For the main part the VFX were there to add scale to New York, either by creating big full CG establishers to the changes of location in the story or by extending the view from the backlot set or locations. With it being a second season, there was already a good understanding of what would need to happen in regards to bluescreens at the end of sets, while the first season acted as a benchmark to what the series needed to look like and the art department were keen to do a lot of concept work to sell their own vision too. There was very little need for previsualisations, except for the biggest CG shots, and with the stories not fully set until shortly before shooting, and the use of an already built huge backlot of New York streets, there was little need for anything like LED back projections. And so for the main part, during prep and shoot the role was to ensure everyone in the creative team was happy with what we would see down each street, signing off on concept work for this, and picking the right moment for any big establisher; making sure that the plates were shot for these establishers during principal photography. Gladly, only early assembly edits had begun before the end of principal photography and so the on set VFX team could concentrate on this before switching gears to delivery. Obviously during post, the expectations raised further as we were aiming for as photo real product as possible.
How did you organize the work with your VFX Producer?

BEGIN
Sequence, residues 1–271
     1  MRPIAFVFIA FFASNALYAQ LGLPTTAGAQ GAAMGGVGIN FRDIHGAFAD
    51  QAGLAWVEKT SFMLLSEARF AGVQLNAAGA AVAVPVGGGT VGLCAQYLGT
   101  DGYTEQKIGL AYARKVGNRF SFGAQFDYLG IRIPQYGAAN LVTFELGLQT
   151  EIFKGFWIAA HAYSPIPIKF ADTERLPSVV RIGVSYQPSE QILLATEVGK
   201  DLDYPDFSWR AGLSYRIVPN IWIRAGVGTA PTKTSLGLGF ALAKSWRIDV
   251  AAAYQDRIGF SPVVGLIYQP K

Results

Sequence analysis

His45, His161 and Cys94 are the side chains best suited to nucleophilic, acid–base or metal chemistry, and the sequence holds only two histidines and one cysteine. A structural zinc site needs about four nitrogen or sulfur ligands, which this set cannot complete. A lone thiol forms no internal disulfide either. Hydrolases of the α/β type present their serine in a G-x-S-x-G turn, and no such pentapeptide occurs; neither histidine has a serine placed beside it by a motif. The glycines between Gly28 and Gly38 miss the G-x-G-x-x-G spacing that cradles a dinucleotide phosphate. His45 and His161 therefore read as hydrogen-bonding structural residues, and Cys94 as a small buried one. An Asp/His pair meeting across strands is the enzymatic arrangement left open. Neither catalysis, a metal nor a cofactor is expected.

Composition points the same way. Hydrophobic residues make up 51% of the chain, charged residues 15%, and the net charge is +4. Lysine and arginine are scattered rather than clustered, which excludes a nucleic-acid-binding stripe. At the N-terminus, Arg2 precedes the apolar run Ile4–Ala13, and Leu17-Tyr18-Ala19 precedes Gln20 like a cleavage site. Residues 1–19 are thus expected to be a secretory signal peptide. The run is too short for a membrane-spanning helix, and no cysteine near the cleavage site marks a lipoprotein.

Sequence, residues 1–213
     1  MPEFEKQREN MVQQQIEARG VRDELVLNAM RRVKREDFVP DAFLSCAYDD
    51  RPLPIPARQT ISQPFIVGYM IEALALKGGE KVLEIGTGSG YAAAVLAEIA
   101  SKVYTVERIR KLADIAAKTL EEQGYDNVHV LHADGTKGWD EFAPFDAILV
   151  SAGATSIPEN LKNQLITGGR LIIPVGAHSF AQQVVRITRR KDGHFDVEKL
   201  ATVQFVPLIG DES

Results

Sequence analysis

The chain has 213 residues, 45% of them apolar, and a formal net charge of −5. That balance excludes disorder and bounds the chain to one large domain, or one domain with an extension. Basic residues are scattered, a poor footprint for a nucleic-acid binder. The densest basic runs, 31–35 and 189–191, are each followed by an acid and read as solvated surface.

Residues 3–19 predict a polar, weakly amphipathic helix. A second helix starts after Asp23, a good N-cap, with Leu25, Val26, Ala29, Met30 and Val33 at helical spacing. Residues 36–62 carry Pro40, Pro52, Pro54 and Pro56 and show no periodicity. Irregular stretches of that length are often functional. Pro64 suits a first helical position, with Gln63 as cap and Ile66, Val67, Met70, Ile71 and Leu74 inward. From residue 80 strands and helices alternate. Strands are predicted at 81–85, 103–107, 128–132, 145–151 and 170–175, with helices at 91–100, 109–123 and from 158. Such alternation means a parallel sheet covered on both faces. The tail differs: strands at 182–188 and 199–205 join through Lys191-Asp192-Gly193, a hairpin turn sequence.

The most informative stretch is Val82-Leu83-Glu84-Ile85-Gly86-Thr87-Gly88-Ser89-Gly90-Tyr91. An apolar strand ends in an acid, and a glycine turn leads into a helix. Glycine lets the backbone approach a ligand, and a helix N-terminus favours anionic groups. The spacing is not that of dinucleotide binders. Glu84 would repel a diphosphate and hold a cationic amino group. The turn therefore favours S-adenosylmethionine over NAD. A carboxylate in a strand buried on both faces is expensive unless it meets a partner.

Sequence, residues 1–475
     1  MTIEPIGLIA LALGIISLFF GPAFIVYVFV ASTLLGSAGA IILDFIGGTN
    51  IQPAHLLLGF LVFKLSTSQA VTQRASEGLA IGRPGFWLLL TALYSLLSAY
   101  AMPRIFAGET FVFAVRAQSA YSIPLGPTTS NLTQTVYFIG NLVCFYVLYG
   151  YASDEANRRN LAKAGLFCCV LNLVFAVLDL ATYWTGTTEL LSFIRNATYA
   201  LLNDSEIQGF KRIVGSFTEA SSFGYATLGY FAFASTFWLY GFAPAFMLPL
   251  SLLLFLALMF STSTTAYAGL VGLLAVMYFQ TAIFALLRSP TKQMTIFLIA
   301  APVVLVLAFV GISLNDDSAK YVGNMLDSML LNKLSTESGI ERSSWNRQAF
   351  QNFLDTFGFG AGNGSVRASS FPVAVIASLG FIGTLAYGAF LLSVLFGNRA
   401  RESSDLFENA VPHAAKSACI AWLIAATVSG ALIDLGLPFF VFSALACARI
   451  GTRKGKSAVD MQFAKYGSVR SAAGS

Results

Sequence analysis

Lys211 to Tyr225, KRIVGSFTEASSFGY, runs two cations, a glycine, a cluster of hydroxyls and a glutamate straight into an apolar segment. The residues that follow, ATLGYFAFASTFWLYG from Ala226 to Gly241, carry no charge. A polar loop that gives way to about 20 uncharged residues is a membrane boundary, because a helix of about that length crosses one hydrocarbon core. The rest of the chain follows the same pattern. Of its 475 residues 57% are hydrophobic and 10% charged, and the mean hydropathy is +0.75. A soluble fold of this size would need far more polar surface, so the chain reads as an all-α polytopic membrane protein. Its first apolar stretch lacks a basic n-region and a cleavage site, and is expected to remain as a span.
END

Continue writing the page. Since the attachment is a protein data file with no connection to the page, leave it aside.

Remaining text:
Rather unusually we had 2 VFX producers on the show, Jessica Smith acted as the VFX producer for the on set and early edit portion of the show in Budapest and London, while Mike Silver acted as the VFX producer for the back end of post and delivery from LA. Bizarre at this seems, this worked quite well.
While in prep Jessica and I sifted through the scripts, breaking down where we thought there would be VFX needed. I did the creative breakdown whilst Jessica dealt with the vendors and sifted the early numbers. We then both discussed this with the executive production team, directors and DoP’s as to how many and what type of shots this would get us for the budget that we had. We decided on exact shots and then during photography made sure that we were on hand to keep to as much of this plan as we could. As there was often 2 or more units running Jessica and I had help from Csaba Toth (the Hungarian assistant VFX supervisor) to be on hand at all times to advise on what we needed. Jessica would also keep a track of what had been shot to make sure we hadn’t missed anything during the very hectic shoot schedule. Jessica would also be checking in with the editors at regular intervals, to see if anything would need to be reshot as the story developed. Then, when the first 2 blocks had finished (and while we were shooting the second 2 blocks) we started kicking off the vendors in Montreal as to what we needed from them from a temp screening point of view and organizing their delivery schedule. From this point Mike took control of the turnover process and became a point of contact for the vendors in the same time zone.